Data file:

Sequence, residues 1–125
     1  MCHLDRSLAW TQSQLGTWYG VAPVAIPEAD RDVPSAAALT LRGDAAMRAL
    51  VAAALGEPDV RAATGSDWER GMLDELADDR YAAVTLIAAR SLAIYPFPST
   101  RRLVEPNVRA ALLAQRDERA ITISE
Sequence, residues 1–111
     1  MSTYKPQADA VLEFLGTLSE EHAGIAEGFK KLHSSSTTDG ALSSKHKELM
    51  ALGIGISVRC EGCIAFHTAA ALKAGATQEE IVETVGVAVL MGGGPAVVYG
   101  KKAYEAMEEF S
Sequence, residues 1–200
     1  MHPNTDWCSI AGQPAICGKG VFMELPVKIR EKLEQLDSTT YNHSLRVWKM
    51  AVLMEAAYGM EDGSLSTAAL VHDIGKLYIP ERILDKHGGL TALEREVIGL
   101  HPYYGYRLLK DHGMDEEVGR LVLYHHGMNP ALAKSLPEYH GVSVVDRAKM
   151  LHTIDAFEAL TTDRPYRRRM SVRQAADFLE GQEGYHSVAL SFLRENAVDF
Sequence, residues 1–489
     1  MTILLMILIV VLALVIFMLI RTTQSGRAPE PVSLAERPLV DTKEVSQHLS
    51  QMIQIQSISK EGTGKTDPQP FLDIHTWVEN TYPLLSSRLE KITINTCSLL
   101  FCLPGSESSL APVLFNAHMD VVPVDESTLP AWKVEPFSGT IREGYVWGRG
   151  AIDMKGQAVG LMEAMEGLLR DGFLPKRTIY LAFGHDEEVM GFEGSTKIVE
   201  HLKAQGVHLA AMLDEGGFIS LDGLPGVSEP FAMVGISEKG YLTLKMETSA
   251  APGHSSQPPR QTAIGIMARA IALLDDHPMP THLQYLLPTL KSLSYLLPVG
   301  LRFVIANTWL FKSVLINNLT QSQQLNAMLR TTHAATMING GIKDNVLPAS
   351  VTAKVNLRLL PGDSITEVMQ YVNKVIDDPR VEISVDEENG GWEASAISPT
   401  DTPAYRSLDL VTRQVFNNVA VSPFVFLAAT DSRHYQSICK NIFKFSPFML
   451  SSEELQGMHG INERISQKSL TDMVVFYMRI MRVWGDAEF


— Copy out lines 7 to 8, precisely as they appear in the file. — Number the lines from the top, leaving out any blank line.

    51  ALGIGISVRC EGCIAFHTAA ALKAGATQEE IVETVGVAVL MGGGPAVVYG
   101  KKAYEAMEEF S